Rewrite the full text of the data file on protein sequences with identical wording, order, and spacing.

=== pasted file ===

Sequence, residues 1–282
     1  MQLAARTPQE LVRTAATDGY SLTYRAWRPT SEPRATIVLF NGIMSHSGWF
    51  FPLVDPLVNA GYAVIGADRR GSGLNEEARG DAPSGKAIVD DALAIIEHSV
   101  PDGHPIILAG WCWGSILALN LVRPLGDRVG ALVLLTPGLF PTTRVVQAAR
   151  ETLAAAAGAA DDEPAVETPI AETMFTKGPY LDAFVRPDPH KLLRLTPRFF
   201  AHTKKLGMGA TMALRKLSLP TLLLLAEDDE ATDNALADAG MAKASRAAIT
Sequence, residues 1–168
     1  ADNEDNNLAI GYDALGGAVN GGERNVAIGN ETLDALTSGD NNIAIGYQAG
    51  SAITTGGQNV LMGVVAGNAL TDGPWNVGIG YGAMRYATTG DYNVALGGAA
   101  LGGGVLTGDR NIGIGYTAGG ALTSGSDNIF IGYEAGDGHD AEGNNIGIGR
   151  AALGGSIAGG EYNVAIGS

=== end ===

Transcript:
Sequence, residues 1–282
     1  MQLAARTPQE LVRTAATDGY SLTYRAWRPT SEPRATIVLF NGIMSHSGWF
    51  FPLVDPLVNA GYAVIGADRR GSGLNEEARG DAPSGKAIVD DALAIIEHSV
   101  PDGHPIILAG WCWGSILALN LVRPLGDRVG ALVLLTPGLF PTTRVVQAAR
   151  ETLAAAAGAA DDEPAVETPI AETMFTKGPY LDAFVRPDPH KLLRLTPRFF
   201  AHTKKLGMGA TMALRKLSLP TLLLLAEDDE ATDNALADAG MAKASRAAIT
Sequence, residues 1–168
     1  ADNEDNNLAI GYDALGGAVN GGERNVAIGN ETLDALTSGD NNIAIGYQAG
    51  SAITTGGQNV LMGVVAGNAL TDGPWNVGIG YGAMRYATTG DYNVALGGAA
   101  LGGGVLTGDR NIGIGYTAGG ALTSGSDNIF IGYEAGDGHD AEGNNIGIGR
   151  AALGGSIAGG EYNVAIGS